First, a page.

She and Faramir had been careful to ensure that Elboron was their last child; but the signs were now quite clear that this was a decision that could no longer be changed. Although Éowyn had never enjoyed her monthly courses, or the flashes of uncontrollable temper that could precede them, knowing that she might, soon, never experience either again was unsettling.
She feared she would stop being a, still somewhat desirable, woman and become an old crone. She feared it most because, although twelve years her senior, her husband was ageing more slowly; she did not want Faramir to start thinking of her as an old woman, although he seemed to be oblivious to the younger women who looked at him yet with desire.
She had begun to worry about her friendship with Tindómë. Would Faramir begin to compare her unfavourably with the peredhel elleth? Did he look at Aragorn and envy him Arwen?
Eventually she voiced some of her fears to Faramir and was reassured that he welcomed the signs of her loss of fertility – he looked forward to being able to make love again spontaneously with no fear of possible consequences. Thus reassured, she was enjoying the time with Tindómë, but she couldn’t help wishing that it was Faramir, and not her, that had the nauseating waves of heat – at least some of the time!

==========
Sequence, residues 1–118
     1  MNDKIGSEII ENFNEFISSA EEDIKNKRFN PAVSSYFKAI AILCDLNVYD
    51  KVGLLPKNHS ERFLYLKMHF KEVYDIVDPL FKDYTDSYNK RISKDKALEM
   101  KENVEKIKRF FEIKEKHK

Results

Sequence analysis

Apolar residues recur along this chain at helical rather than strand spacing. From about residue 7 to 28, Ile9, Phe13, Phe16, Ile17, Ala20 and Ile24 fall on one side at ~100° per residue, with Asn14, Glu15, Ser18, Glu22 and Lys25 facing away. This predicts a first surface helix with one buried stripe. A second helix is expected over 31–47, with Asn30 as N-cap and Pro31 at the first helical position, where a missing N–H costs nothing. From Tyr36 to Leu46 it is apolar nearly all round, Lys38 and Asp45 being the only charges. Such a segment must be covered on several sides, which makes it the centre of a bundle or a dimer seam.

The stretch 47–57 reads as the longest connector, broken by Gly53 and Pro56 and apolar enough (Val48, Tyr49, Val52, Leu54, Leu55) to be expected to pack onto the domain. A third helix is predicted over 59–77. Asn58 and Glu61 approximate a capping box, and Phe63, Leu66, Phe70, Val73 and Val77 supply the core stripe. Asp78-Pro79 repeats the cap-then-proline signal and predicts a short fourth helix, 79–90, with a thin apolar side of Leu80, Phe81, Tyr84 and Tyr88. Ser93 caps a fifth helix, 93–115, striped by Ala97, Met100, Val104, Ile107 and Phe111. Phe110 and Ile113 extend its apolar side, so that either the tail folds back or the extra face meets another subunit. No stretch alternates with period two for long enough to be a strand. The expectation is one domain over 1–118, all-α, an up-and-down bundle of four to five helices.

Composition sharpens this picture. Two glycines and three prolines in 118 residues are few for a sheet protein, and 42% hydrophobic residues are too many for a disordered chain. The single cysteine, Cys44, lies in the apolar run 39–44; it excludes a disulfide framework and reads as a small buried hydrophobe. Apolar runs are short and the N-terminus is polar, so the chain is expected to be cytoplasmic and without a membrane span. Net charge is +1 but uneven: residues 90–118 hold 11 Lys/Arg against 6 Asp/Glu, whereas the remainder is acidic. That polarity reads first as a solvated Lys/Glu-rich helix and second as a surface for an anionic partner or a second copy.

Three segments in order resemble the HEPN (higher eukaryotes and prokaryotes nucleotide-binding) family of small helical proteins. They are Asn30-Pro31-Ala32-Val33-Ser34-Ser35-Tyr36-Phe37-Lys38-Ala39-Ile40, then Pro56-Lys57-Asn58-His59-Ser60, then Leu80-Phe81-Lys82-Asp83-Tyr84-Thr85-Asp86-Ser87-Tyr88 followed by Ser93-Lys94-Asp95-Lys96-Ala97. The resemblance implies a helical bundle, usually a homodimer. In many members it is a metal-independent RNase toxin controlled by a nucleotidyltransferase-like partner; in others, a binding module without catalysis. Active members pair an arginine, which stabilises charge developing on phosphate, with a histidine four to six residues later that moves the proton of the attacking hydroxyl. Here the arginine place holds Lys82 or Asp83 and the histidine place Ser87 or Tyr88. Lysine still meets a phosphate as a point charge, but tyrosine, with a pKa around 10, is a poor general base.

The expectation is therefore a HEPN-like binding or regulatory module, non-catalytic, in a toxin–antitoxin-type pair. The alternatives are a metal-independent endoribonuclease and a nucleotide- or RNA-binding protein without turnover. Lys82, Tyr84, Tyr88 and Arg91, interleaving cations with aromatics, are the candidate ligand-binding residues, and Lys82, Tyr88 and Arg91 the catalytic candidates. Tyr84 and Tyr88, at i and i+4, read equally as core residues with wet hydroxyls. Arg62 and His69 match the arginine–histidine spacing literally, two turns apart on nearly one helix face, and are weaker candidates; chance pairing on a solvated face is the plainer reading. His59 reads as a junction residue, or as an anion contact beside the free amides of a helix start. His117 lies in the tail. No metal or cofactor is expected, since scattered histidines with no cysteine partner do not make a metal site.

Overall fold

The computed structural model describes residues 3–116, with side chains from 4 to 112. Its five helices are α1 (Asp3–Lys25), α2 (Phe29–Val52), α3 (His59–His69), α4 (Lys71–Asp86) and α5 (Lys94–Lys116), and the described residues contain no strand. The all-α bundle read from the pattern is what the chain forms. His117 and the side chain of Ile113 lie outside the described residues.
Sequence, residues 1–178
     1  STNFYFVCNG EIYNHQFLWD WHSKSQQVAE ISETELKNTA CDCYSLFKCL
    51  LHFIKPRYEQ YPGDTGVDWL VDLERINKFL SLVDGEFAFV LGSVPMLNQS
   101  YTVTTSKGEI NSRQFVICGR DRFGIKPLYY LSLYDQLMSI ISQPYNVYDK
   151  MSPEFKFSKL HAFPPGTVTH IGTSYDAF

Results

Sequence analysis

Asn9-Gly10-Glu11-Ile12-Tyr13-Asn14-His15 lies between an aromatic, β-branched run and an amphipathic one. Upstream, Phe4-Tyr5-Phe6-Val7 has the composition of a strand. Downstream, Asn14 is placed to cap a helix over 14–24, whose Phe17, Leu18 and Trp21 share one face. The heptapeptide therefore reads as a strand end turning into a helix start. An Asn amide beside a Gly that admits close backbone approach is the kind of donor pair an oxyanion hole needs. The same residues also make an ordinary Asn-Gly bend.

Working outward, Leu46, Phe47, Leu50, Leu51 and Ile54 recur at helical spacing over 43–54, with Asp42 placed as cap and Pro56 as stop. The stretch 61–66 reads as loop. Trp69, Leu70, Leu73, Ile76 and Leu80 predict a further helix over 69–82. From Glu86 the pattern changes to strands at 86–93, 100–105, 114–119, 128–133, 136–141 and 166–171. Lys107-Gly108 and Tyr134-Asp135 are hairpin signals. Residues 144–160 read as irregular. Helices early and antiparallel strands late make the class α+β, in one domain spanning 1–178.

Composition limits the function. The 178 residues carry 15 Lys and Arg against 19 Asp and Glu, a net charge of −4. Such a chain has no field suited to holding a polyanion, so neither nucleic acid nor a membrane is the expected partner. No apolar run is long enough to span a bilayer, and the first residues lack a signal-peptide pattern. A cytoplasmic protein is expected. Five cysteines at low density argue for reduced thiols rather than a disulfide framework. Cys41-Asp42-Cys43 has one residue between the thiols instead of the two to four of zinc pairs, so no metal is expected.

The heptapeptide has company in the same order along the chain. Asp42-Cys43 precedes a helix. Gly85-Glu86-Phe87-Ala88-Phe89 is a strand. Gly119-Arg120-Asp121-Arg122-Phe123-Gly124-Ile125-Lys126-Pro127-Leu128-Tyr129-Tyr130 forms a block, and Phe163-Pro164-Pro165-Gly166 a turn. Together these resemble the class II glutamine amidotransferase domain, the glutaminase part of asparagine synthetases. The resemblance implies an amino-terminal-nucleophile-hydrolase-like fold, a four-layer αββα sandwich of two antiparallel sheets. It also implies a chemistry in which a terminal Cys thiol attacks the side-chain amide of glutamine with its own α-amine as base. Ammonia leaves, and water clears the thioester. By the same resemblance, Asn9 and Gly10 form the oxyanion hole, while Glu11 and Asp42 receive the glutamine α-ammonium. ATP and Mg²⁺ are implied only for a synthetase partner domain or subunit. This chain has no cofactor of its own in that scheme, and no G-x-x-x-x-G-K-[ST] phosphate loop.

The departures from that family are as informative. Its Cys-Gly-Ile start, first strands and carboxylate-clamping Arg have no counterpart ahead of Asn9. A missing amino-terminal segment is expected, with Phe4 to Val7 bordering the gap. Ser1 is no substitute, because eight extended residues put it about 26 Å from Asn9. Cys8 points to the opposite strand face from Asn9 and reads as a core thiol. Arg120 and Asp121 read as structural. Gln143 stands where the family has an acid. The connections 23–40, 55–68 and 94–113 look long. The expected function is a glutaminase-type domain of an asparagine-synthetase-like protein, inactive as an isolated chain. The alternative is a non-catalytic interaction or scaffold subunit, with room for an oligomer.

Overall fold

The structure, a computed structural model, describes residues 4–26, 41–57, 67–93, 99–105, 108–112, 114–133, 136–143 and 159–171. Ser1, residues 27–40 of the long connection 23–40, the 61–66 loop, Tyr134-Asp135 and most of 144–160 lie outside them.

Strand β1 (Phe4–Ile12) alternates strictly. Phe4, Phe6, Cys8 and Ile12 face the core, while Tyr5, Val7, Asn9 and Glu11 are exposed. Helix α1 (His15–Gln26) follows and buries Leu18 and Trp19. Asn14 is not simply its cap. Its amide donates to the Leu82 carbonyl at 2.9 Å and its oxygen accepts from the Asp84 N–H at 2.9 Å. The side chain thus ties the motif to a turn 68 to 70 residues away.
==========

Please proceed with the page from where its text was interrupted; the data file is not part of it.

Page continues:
Tindómë understood, and sympathised, when she realised that Éowyn was having hot flashes. It reminded her, again, of the differences between them – and the eventual sorrow their friendship would bring her.
After they had been Éowyn’s guests for a little over a week, and their hostess had excused herself during dinner, Tindómë explained, privately, to Rumil about mortal women’s loss of fertility in middle-age, and the overwhelming rushes of heat that often accompanied this bodily change.
Not as privately as she had thought, though. Haldirin, apparently oblivious as he concentrated on paper and pencil, looked up and spoke.
“Nana, if Lady Éowyn is very hot she should come into the Winter Garden where the ice and snow are.”
End of Chapter One.